By CHRISTOPHER ORTIZ, Featured Writer, The Merced Sun Star
Celina Perez is anxious. A band she wants to see will be playing in Merced on Feb. 4. She looks very modern, with bright purple hair highlights. She has a piercing in her lip. She has a few tattoos that adorn her arms and shoulder.
Yet for all these mod characteristics, her style is ’50s rock ‘n’ roll. Her hair is styled big, in a pompadour with an enlarged bump on top and a bright red rose. Her jeans are pegged at the bottom as if she were heading for a sock hop.
Her friends seem to play the part of accessories to her own look. Some seem as if they come right out of an Elvis (Presley, not Costello) film — except for the modern fashions, hair-coloring, tats and piercings. They look like ’50s pin-up models for 2012 — perfect makeup and not a hair out of place.
Celina and her friends are part of a growing subculture that has invaded California and is cruising through Merced.
The Greaser phenomenon is an interesting one, considering its roots are steeped in a decade that occurred more than 50 years back. On the traditional front, Rockabilly kids display a more classic look. Guys wear Levis that are cuffed, their hair is like that of the King of rock ‘n’ roll himself, they’re clean-shaven — but tattooed. They love vintage cars and join car clubs that sport pre-’65 vehicles. To see them you’d think 1959 was still here. My dad would totally love the scene.
But travel a little farther south in California and the Greaser scene morphs into something called Psychobilly. The look is still there, but now it carries a more punk-rock aesthetic. Pompadours take on new heights and looks. Some of those “quiff” hairstyles seem to rise six inches above the head. Shirts have become sleeveless with pictures of local SoCal Psychobilly bands silk-screened on them. They wear leopard-print shoes called “Creepers.” Like their friends to the north, they also have car clubs and love tattoos.
You might be a little intimidated by their look. But no reason to be. Some, in fact, should be commended for helping people in society.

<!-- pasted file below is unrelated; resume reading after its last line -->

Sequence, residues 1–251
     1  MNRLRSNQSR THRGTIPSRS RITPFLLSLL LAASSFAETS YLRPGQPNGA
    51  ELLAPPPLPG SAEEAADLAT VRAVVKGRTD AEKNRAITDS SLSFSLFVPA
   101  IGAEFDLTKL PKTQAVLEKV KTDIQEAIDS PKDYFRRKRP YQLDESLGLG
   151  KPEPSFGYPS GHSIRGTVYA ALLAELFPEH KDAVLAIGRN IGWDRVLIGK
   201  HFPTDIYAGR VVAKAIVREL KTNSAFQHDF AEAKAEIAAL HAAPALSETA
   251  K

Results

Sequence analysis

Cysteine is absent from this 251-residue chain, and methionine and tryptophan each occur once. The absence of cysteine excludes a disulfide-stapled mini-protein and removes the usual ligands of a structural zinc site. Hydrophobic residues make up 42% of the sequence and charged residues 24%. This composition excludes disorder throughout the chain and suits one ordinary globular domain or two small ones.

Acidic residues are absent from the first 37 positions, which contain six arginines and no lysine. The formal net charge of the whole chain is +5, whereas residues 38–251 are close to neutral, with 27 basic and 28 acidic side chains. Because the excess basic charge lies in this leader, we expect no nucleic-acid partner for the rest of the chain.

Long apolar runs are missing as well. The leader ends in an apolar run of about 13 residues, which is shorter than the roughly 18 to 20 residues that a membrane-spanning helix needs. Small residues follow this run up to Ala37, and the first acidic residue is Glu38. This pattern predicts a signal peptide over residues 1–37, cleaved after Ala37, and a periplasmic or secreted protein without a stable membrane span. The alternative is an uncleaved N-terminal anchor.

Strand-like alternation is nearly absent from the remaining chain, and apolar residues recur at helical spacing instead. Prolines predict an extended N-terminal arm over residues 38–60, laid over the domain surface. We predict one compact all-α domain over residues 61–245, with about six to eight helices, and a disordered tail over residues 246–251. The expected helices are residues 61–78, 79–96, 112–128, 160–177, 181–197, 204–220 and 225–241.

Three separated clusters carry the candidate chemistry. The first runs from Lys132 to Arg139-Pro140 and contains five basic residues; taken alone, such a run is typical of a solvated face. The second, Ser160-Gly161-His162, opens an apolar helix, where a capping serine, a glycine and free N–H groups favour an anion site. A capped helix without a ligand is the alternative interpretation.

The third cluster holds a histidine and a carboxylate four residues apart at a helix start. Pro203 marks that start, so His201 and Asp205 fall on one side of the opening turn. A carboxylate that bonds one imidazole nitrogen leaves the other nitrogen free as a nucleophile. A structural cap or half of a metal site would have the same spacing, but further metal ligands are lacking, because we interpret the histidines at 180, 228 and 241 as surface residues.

Enter Sophia Mendoza, president for the female social club, the Belladonna Beauties, a highly respected and recognized group of women who have strong roots in this scene. Mendoza is from Merced, but the club boasts members from Modesto, San Jose and Vacaville. Besides promoting events and supporting concerts like the one on Feb. 4, they schedule events that will help people.
“We are planning a concert in the next few months to benefit stroke victims, with the proceeds going to a local hospital,” she said. “Also, we’re doing a homeless awareness concert where donated canned food will act as admittance. We are also looking to work with women’s empowerment groups as well.”
Back to Celina’s anxiousness and Feb. 4. Who’s actually playing, representing this retro scene and bringing all these adoring people here? What do these people listen to?
Just as with its distinctive look, this scene has a distinctive sound. It’s a look laced with a rock ‘n’ roll sound that was popular in ’59, but revved up for a more modern time. Like all music scenes, there are patriarchs and matriarchs, and one of the patriarchs would definitely be the Chop Tops. They’ll be headlining VIVA! Merced on Feb. 4 at the Partisan.
Also playing will be Modesto’s Refuzniks, Merced’s Gearbox, Sonora’s Rockin’ Rick and the Rhythm Wranglers, and Southern California’s Full Tilt Trio. It all kicks off at 8 p.m. at 432 W. Main Street downtown.
Along with Celina, there will be a lot of other people from all over the Central Valley coming to Merced that night. The music may sound like “be-bop-a-lula,” but the blue suede shoes will now be Creepers.
Source: The Merced Sun Star